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In colloquial English AND is often misused, or at least misunderstood, as meaning OR, and vice versa.

Thus, when writing a webpage instructing people to enter locations and distances from those locations to determine a search area by the INTERSECTION of those circles rather than their union, how might I express the instruction both clearly and simply?

I've currently got:

enter image description here

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    That is how you do it. Also, this strikes me as something that ux.stackexchange.com would be able to answer. – SomethingDark Oct 5 '16 at 21:35
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    You could also put 'both' after 'are', omitting 'also', for two constraints. – Edwin Ashworth Oct 5 '16 at 21:40
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    One work-around that I have seen to avoid this issue is to provide a separate form element allowing the users to choose between "search for all conditions" and "search for any condition". – Mick Oct 5 '16 at 21:40
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    I'm voting to close this question as off-topic because it is a well-studied problem in user interface design, and can be better answered elsewhere. – jimm101 Oct 5 '16 at 21:44
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    @jimm101: please provide a link? – Ian Oct 5 '16 at 21:45
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The "also" in your form is redundant. "AND" is sufficient. It is not accepted usage to interpret it as anything but a combination of the two, which does not allow for only one of them to satisfy the conditions.

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    I agree totally that AND should be sufficient/"also" is redundant. Regrettably though, in colloquial usage, it seems that is not. Hence my search for a plain and simple version instruction unambiguously interpretable. – Ian Oct 5 '16 at 22:00
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    We have an expression in AmE that you may be familiar with: "You can't fix stupid." If the form conforms with normal usage as it is taught, then you may find that varying from that a) causes confusion, b) discredits the form (and possibly the whole site) by making the form creator appear to have poor mastery of the language, c) doesn't solve the problem because visual cues are misleading. One alternative solution might be to place the fields adjacent to each other, rather than in separate visual zones vertically. This implies they have equal importance; upper-lower implies superiority. – jaxter Oct 5 '16 at 23:21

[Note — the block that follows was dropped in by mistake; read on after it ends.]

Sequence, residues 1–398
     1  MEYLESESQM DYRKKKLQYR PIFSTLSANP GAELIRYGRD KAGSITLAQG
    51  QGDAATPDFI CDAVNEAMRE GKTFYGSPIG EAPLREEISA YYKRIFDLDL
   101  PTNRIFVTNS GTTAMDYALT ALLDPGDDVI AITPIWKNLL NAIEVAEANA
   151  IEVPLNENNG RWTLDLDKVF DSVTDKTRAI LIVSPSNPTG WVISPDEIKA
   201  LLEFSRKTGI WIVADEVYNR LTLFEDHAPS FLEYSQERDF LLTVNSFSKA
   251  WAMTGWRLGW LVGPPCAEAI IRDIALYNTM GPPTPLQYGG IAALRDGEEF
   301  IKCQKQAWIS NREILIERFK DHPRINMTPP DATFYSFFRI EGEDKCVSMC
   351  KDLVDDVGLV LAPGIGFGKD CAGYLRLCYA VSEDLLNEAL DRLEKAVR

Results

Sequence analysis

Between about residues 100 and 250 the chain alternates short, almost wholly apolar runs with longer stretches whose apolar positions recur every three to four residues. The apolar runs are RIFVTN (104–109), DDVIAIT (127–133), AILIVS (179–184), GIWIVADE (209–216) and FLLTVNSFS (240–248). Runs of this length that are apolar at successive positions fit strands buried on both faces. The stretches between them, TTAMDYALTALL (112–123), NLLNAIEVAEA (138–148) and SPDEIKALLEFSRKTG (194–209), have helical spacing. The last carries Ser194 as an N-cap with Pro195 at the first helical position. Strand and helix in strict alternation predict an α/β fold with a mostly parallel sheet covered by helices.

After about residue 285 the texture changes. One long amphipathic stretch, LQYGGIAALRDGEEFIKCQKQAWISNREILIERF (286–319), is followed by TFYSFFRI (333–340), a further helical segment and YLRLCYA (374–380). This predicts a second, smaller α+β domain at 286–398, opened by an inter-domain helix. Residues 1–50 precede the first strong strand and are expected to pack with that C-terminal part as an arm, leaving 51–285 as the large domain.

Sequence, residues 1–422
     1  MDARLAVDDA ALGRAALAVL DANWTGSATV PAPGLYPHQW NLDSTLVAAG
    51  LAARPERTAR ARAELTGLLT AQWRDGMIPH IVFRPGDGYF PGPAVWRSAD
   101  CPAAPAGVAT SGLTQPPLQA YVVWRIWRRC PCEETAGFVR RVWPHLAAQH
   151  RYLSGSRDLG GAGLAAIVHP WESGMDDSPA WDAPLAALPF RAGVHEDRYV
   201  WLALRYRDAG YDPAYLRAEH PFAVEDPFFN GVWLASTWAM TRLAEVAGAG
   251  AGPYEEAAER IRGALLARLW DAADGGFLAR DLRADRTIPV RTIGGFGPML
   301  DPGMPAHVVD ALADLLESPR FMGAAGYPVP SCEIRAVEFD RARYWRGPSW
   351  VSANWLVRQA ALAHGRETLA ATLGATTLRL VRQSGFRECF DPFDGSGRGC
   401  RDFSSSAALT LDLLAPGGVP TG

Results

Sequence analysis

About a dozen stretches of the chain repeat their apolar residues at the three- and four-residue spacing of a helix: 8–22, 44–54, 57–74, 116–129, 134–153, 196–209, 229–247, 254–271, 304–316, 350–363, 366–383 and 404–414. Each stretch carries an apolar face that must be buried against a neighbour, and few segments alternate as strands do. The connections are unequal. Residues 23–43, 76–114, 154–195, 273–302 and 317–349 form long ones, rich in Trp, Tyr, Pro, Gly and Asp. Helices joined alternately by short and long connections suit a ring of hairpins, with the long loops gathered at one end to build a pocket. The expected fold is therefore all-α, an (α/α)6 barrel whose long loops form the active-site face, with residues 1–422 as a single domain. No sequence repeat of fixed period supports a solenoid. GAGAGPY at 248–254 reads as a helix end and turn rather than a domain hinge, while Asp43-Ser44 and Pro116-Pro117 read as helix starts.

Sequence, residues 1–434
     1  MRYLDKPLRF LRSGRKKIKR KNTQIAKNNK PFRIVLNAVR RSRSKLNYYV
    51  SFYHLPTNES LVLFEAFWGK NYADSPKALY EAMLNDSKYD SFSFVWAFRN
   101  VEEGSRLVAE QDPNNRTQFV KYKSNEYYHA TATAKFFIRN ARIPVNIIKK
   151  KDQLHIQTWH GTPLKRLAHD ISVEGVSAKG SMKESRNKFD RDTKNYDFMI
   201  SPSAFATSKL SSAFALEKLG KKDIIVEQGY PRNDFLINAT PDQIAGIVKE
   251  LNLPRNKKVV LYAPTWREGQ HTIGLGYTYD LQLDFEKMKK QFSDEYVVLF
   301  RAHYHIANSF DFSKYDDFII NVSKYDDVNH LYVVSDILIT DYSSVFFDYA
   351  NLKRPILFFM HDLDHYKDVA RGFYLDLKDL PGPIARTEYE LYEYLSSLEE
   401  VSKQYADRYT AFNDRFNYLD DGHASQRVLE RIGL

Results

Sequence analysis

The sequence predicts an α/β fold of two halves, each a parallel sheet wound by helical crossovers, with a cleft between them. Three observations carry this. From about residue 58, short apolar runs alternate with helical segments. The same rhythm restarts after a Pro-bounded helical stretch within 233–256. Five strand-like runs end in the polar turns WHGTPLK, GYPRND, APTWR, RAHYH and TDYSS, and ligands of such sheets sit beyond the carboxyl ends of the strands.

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From @FumbleFingers:

"It seems to me the obvious way to disambiguate is simply to reinstate one "deleted" word from

Find places that are [condition #1] and are also [condition #2].

This explicitly forces also to apply to both instances of are, ruling out the possibility of it applying to and also find (which alternative gives rise to the or interpretation)."

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Although 'and' alone expresses the intended conjunctive meaning, it is as you mention liable to misinterpretation. To head that misinterpretation off at the pass, so to speak, you can use "the modern colourless" 'while'. This use of while has the additional advantage (if you like) of applying to mobile 'places'. For example, 'while' applies both conditions to airplanes, helicopters, automobiles, RVs (caravans), mobile homes or offices, but only while such 'places' are within 200 miles of both Birmingham and London.

while, ... conj. ...
....
c. In modern colourless use: At the same time that, besides that, in addition to the fact that; often = and at the same time, and besides.

["while, adv. (and adj.) and conj. (and prep.)". OED Online. September 2016. Oxford University Press. http://www.oed.com/view/Entry/228336?rskey=wQr12H&result=3&isAdvanced=false (accessed October 07, 2016).]

As indicated by extrapolation from that definition, 'and at the same time' or, more likely, 'and besides' would also suit your purposes. I find such constructions less graceful than the simple 'while also', but 'and besides' might better suit your sense of the colloquial.

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